On the eighth day hold an assembly and do no regular work.
Bemidbar (Numbers) 29:35
Tishrei is a special month in the Biblical calendar due to the number of Holy Days observed.
The first day of the month, which the world calls Rosh Hashanah, the so-called Jewish New Year, is really the Festival of the Sounding of the Shofar.Yom Teruah marks the beginning of a time of spiritual introspection and community reconciliation culminating in Yom Kippur. Five days afterwards is the seven-day long, Sukkot. Immediately following the seventh day of Sukkot is another holy day, called in Hebrew Shemini Atzeret, which simply means the “Assembly of the eight (day).”
Shemini Atzeret coincides with the completion and recommencing of the annual cycle of the reading of the Torah. A special celebration, called “Simchat Torah” (Joy of the Torah) is observed. In the Land of Israel Simchat Torah is observed on Shemini Atzeret. Outside of the Land of Israel where certain holy days are doubled, Simchat Torah is observed on the second day of Shemini Atzeret.
If all these special days seems like a lot to you, it’s because one half of this whole Biblical month is given over to a special focus on G-d. Fulfilling all these observances would mean major changes to our normal schedule. In Bible times, celebrating Sukkot meant taking your whole family to Jerusalem for the week.
But I think G-d knows that our normal schedules need upsetting.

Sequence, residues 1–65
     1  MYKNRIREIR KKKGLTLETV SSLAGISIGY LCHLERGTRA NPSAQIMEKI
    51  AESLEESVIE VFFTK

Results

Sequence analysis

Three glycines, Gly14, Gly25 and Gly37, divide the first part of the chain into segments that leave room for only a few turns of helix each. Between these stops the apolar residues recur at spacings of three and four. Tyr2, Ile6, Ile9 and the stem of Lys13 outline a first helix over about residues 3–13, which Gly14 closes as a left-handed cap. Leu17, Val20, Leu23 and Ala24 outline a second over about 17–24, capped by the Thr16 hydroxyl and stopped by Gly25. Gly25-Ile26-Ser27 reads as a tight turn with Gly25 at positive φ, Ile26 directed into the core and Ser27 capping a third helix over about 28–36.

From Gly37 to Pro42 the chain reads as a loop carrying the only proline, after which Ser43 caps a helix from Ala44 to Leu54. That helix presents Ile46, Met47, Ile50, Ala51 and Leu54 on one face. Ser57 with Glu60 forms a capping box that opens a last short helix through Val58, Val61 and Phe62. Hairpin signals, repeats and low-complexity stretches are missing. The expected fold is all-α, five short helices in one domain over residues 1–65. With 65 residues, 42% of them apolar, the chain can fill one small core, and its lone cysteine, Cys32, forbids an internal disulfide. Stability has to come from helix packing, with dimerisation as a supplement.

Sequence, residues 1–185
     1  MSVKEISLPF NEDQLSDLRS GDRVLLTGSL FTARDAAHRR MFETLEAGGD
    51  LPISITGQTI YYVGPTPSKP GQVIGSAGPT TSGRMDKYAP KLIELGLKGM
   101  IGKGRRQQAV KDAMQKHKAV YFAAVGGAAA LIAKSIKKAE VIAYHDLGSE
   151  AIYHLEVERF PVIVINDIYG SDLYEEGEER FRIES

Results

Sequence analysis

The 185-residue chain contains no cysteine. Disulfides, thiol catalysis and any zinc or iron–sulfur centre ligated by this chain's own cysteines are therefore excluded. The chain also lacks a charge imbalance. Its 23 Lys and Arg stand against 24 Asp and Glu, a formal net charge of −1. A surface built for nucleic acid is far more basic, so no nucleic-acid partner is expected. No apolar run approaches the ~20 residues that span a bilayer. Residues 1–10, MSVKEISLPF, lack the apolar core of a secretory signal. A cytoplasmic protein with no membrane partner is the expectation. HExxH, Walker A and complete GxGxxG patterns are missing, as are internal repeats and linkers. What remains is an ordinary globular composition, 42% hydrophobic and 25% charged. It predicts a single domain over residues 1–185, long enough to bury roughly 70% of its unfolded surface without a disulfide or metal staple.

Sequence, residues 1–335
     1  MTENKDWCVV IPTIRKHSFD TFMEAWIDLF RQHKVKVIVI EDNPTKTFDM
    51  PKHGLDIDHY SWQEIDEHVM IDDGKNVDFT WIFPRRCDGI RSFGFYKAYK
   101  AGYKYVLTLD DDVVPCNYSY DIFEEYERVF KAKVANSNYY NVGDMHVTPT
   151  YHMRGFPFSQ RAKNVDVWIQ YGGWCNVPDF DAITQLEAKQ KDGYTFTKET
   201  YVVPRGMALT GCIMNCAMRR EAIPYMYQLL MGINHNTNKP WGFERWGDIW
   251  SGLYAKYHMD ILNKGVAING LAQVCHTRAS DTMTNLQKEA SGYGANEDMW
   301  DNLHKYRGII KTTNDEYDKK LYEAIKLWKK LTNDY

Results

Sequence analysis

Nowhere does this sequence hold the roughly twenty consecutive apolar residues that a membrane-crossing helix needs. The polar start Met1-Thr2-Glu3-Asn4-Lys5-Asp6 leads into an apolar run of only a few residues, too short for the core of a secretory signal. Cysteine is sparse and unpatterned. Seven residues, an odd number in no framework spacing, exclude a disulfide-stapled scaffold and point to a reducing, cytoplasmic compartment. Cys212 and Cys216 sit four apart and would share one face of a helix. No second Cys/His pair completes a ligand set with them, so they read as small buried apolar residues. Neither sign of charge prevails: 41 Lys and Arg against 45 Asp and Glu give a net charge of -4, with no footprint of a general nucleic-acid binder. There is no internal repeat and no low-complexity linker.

In our fast paced society, it seems that we have a lot of difficulty breaking our normal routine to give G-d this kind of attention, but I don’t think we need it any less than the people of ancient times.
Those of us who do take time for G-d often approach him as we do many other things we do. We slot him in somewhere. We spend time with G-d just like any other meeting, rarely taking time to linger in his presence, not to mention setting apart several days just to focus on Him.
When G-d provided His people with His yearly calendar, He directed us to give over to Him large amounts of time. Besides the weekly Sabbath, there are festivals throughout the year. Once a year there would be these two weeks, which includes even more intense time with Him.
Those who know Yeshua but believe the L-rd has “released” His people from Torah may think that we are “free” from such observances. But if the people back then needed this kind of time with G-d, how much more should we want to have intense and prolonged times with him now?
If we know the love of G-d in Yeshua should we not want to spend more time with him, not less?